Vol 11.2 PLATTS EYOT Part 1

Non-Hampton & Richmond Borough related posts.
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Les1949
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Joined: Thu Jun 24, 2021 3:59 pm

Vol 11.2 PLATTS EYOT Part 1

Post by Les1949 »

HAMPTON, AROUND AND ABOUT

Things you may not know, or didn’t know you knew!

No 2 PLATTS EYOT (Part 1)
Hampton’s Secret Island

Platts Eyot is an island that is easy to miss unless you take a walk or drive down the Lower Sunbury Road. The Island has an industrial history connected to Thorneycrofts who built all thing military on the site – especially during the Second World War. However, despite looking somewhat desolate there are still things going on there, but first the background.

One of the earliest references to Platt’s Eyot is in the 16th century when it was mentioned in conjunction with the carriage of bricks to build Hampton Court. Up and until then it had been used as a plantation of Osiers – a form of willow used in basket making. The island was later used as a dumping ground for spoil in the 19th century due to the expansion of the Waterworks opposite.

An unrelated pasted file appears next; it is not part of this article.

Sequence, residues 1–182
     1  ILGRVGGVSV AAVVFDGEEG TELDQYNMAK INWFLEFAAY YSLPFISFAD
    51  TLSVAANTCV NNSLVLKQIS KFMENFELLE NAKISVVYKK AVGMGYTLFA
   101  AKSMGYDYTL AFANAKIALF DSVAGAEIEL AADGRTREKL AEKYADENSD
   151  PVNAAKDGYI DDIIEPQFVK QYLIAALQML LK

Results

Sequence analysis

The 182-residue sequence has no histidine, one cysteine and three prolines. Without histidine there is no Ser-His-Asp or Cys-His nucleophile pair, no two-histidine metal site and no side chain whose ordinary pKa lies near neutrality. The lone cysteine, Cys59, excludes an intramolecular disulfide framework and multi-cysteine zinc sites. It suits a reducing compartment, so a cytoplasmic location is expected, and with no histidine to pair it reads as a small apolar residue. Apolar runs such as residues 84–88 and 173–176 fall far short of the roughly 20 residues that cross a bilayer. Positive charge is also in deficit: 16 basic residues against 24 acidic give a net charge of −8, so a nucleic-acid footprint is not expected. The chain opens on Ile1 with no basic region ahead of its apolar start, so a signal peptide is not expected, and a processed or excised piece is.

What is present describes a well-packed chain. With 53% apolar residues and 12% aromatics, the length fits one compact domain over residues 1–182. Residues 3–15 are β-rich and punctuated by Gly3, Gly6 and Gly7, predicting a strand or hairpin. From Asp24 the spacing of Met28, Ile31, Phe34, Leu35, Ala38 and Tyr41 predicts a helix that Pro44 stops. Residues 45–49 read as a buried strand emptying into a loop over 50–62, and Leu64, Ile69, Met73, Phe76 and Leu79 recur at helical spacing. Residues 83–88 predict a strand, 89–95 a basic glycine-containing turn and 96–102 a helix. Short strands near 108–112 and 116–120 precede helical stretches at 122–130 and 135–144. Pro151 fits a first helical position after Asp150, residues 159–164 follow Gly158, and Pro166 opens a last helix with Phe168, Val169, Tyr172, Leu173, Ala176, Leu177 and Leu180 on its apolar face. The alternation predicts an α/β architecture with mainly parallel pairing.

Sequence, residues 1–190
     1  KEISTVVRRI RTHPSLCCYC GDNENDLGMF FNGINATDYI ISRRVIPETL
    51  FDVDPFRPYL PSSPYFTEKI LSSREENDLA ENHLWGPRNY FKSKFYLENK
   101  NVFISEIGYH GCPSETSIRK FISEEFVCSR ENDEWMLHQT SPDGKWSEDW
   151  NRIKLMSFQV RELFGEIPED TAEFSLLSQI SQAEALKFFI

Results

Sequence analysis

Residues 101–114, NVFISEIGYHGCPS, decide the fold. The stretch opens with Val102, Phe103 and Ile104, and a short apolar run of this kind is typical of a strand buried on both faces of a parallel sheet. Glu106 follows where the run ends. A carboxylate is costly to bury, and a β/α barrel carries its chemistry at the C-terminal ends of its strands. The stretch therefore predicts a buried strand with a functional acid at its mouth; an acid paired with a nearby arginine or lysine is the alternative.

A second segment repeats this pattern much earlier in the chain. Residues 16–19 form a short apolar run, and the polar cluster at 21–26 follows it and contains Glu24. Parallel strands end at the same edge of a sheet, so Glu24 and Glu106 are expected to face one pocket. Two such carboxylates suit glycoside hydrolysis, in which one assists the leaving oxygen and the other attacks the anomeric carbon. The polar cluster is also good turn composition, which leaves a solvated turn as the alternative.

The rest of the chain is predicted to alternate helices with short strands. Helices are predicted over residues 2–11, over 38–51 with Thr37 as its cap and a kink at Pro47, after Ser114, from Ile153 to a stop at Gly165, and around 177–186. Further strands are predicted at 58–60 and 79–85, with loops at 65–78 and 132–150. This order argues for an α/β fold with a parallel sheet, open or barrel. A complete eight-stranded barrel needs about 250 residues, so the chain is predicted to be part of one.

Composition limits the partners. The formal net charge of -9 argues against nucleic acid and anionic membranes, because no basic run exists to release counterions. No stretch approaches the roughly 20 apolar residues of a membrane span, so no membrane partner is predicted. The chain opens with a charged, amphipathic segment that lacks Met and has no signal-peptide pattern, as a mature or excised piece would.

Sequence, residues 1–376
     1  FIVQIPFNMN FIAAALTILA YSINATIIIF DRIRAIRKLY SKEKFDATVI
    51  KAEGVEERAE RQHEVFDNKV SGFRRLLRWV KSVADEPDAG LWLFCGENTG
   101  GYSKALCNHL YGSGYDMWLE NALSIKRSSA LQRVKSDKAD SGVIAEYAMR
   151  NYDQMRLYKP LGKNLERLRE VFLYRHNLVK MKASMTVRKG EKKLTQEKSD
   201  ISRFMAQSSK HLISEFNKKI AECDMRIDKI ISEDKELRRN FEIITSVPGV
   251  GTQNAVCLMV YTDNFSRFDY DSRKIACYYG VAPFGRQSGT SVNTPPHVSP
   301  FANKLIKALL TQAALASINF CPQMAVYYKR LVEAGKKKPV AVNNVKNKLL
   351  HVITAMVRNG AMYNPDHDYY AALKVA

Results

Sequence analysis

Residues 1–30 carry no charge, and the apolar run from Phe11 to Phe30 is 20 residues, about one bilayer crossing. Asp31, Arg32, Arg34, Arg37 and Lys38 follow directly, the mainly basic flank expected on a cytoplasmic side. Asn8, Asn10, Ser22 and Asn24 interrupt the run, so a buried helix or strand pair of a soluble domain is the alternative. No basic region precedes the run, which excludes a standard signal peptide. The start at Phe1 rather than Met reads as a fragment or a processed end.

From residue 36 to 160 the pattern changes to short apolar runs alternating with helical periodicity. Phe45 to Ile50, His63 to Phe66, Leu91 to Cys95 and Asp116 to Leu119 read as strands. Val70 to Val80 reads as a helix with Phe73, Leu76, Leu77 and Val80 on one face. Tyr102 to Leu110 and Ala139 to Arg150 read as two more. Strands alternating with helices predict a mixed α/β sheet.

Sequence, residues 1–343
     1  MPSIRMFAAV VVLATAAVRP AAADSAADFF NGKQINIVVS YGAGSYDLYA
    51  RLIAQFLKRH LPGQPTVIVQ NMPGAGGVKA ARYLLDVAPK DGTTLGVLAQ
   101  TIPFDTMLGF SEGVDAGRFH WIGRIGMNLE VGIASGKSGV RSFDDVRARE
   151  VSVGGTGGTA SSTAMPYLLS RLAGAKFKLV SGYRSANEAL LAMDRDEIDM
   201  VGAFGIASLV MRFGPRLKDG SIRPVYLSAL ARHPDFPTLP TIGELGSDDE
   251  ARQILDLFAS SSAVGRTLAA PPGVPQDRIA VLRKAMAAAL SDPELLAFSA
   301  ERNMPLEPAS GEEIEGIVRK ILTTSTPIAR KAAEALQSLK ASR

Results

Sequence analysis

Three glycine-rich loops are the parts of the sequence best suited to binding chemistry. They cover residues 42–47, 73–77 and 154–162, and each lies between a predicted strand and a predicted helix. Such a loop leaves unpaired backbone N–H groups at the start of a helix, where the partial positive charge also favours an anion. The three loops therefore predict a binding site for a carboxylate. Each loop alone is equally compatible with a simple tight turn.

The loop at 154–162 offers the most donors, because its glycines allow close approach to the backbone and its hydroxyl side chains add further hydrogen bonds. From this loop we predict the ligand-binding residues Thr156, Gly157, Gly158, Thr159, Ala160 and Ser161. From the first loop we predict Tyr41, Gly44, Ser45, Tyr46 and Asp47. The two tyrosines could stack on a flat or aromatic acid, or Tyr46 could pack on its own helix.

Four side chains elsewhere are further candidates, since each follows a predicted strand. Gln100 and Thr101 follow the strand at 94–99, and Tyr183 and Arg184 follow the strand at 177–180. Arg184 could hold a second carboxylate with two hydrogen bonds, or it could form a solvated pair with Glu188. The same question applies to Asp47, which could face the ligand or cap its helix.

Boat building started in 1866 when Tom Tagg built a yard and house on the island – he later re-located to what is now Tagg’s Island further downstream.

In 1887, Moritz Immisch (1838 – 1903), an engineer from Germany started to build electric launches on the island. Within a very short period of time and up until the outbreak of WW1, electric launches were a common sight on the Thames, with electric charging points placed at frequent intervals – this was years before the same principle was to be applied to electric cars.

John Thorneycroft (1843 – 1928) took over and re-named the yard as Hampton Launch Works. They also had their own football team Hampton Launch FC.

Thorneycrofts continued building naval vessels on the island until the early 60s.

Port Hampton Ltd are now the owners of the island and are responsible for boat moorings and renting out buildings – some of which are in a deteriorating condition. The island has been made a conservation area and the buildings are considered to be of historic value. Port Hampton had sought permission to demolish them but they were prevented from doing so. Consequently, the area may look desolate, and deserted but that is not the case, it is much busier than is first apparent.

More to follow…..

The Old Historian
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